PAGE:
Chapter

Writing as Resistance? Bearing Witness in the Warsaw Ghetto

Zoe Vania Waxman

in Writing the Holocaust

Published in print June 2008 | ISBN: 9780199541546
Published online January 2010 | e-ISBN: 9780191709739 | DOI: https://dx.doi.org/10.1093/acprof:oso/9780199541546.003.0002

Series: Oxford Historical Monographs

Writing as Resistance? Bearing Witness in the Warsaw Ghetto

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This chapter examines the work of Emmanuel Ringelblum, a trained social historian and teacher, who initiated the Warsaw-based secret archives of Oneg Shabbat (Sabbath Delight: a code-name for the clandestine Sabbath afternoon gatherings). These archives, which represent the most systematic attempt to record Jewish suffering during the Holocaust, were dedicated to finding the best way to record the uprooting of communities, and the suffering and destruction of Polish Jewry. Ringelblum and his colleagues in the Warsaw ghetto were able to amass a considerable amount of information. By secretly recording Jewish life in Poland during the German occupation, and continuing the Jewish tradition of witnessing, the Warsaw ghetto chroniclers, both individually and collectively, performed important acts of resistance. They believed that what they were experiencing would one day be studied as historically important, and this awareness shaped their writing.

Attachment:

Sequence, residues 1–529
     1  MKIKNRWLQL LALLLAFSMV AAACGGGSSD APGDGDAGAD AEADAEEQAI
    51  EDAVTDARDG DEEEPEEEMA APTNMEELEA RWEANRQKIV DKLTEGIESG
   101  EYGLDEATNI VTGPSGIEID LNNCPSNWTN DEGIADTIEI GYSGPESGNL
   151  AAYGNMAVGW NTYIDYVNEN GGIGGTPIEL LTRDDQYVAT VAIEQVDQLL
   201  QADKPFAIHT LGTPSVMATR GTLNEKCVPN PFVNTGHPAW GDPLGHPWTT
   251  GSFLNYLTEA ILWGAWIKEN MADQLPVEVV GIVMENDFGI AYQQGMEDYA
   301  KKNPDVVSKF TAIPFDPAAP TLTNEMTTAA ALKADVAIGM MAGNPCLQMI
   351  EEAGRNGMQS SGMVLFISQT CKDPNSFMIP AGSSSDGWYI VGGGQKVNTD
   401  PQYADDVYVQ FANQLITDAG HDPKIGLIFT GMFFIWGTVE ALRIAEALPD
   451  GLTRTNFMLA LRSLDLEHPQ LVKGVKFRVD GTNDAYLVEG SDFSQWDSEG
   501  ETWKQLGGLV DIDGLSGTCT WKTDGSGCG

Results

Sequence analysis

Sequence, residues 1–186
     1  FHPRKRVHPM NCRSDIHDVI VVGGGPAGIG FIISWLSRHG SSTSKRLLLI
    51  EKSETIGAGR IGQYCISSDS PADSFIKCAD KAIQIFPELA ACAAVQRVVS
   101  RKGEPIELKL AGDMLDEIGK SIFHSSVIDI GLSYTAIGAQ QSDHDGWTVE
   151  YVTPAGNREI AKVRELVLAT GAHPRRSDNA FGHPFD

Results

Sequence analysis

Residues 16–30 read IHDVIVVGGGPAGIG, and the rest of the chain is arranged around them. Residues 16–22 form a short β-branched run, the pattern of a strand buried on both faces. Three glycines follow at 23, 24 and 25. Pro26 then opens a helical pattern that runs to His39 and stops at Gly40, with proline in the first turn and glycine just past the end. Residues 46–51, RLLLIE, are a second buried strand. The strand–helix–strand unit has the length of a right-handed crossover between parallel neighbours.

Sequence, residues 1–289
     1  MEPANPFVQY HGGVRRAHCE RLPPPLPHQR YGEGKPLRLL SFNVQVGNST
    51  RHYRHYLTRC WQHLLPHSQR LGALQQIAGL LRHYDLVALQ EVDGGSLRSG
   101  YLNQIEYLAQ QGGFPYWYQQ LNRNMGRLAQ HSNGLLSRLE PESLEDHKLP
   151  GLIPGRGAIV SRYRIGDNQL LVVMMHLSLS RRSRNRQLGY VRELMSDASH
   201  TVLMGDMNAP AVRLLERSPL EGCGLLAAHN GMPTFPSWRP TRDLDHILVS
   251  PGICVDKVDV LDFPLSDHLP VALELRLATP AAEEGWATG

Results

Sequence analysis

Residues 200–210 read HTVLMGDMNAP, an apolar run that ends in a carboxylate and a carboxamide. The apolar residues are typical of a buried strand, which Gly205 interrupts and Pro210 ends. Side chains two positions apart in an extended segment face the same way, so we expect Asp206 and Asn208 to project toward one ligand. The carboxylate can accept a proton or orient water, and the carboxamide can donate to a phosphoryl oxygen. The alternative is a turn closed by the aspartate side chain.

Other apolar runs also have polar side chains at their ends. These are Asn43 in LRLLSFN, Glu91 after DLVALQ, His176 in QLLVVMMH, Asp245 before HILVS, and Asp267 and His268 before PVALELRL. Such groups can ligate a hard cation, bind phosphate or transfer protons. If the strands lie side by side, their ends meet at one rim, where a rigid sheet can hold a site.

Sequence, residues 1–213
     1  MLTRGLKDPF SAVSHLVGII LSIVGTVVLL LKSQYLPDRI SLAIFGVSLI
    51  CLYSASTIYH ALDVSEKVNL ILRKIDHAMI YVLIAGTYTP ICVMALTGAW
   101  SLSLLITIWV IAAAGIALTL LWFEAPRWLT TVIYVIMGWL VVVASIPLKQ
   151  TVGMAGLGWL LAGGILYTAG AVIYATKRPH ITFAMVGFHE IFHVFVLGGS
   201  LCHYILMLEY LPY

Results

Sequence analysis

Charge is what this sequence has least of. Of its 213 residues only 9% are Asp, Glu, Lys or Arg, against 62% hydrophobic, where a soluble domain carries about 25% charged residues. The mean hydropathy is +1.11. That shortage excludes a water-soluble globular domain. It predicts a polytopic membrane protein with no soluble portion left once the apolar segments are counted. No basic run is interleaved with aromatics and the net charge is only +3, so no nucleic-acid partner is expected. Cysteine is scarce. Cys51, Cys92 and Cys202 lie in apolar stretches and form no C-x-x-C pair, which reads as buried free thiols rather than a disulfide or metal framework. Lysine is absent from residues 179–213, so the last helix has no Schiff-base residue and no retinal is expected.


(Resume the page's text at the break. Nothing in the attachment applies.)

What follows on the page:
Keywords: resistance; Warsaw ghetto; Emmanuel Ringelblum; Oneg Shabbat; Polish Jewry; ghetto chroniclers; Jewish suffering; secret recording; Jewish life; writing

Chapter.  16907 words. 

Subjects: Modern History (1700 to 1945)

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